Danforth Reformed Church

130 years serving the LordThe Faith Journey of the Danforth Reformed Church
135 Years of Ministry

Danforth Reformed Church's faith journey is intimately connected to the Netherlands. In his book, Netherlanders in America, on pages 328-329, Henry Stephens Lucas notes the following concerning Danforth and the Hollanders.

Some Dutch immigrants, on their arrival, went directly to the fertile lands in Iroquois County, Illinois. A number of Groningers settled near Danforth in 1868. This group held religious services without the aid of a minister until Dominie A. Duiker came, in the spring of 1873. In that year the congregation, which had been organized in 1870, increased from fifteen families to thirty-five. In 1874, when the group numbered forty families, Dominie Lammert Hulst, whom the congregation had invited, arrived from Stadskanaal, in the Netherlands.

But how did this connection to the Netherlands begin? One has to go back to the Illinois Central Railroad Company which ran through this area on a regular basis. One of the railroad employees was a native from the Netherlands and asked the Danforth Brothers, who had purchased the land around 1856 from the railroad company and formed the Danforth township, if the Netherlanders could come and help drain the fields of fertile soil.

Thus the quote concerning the entrance of the Netherlanders to this area. And as these Netherlanders came - they came with the motto,"Without the Lord all is vain." So as these families came forth they did with a sense of religious commitment to the Lord Jesus Christ. The Wisconsin Classis knew this truth and aided in the forming of a church on September 14, 1869. This church was known as the Reformed Church of Danforth and was cared for by the Reverends Debey and Zemer.

The church circa 1980 - 1906 and 1956.Three years later, in 1872, the first church and parsonage were built. Through the years these buildings were updated and used by the congregation to help proclaim the good news of Jesus Christ. There was a pipe organ which was purchased through a grant from the Carnegie fund in 1914. there was an extensive renovation in 1930 that aided in the usefulness of the old church.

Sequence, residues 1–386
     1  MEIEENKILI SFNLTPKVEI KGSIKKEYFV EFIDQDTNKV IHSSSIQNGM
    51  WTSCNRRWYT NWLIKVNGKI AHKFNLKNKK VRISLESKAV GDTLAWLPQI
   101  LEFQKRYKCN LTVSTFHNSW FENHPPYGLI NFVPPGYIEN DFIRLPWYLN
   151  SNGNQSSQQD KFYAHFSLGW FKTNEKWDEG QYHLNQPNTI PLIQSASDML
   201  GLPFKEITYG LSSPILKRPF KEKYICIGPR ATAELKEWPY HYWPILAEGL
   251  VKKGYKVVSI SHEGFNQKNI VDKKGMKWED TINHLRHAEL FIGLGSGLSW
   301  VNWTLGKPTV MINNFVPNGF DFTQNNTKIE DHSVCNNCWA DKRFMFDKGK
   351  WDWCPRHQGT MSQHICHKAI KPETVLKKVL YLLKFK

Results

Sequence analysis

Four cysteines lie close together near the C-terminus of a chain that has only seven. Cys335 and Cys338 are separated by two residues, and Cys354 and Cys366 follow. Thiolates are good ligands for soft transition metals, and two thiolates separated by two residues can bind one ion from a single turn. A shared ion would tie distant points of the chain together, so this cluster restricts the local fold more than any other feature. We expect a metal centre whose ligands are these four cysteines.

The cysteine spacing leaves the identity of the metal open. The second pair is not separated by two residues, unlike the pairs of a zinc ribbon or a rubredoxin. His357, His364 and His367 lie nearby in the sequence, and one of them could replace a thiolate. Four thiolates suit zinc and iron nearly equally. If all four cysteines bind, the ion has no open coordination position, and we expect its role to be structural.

Then in 1952 a building committee was formed to have a new church building built in its present location. The ground breaking service took place in 1954. April 27-29, 1955 the church held a variety of special services to dedicate this new building. Many memorials and sacrificial gifts made this present church a possibility. Even today (1999) the same truth rings forth as the memorial gift of a Rodgers organ was given by Lester and Annabelle Bensema thus continuing to enrich the present building and the church family.

In 1967 the present parsonage was built. The old church was torn down and used to build the parsonage. This building of the parsonage has been called a step of faith. There have been several added features to the parsonage from carpet to a dishwasher to ceiling fans. This is a great blessing to all who live in the parsonage.

The family life of the church has been rich in heritage. She has produce sons of the church and many pastor's wives. Even today mission is important to this church as she continues to support the missionaries who serve in Japan. She has continually supported the Jackson County Ministries by giving clothes, making bed spread quilts, and constant giving to G.O.D.'s Food Pantry. Pastor MacDonald and the church have supported the recent initiation of the Youth for Christ Ministry within the Iroquois West School District. Thus the vision is constantly being affirmed in building and ministry.Our current church.

The future of Danforth Reformed Church is a promising one as we continue to struggle with building improvements to challenging ministries that will make a difference in the community. The vision; "We are here seeking God's help to live in harmony, searching for souls to show the way of salvation through Christ...." is constantly before us as we reach into the future..."Without the Lord all is vain."

The prayer is that we continually reach out like the past generations and make a difference both in the buildings that others have left behind and more importantly that lives are changed as Jesus Christ is presented.

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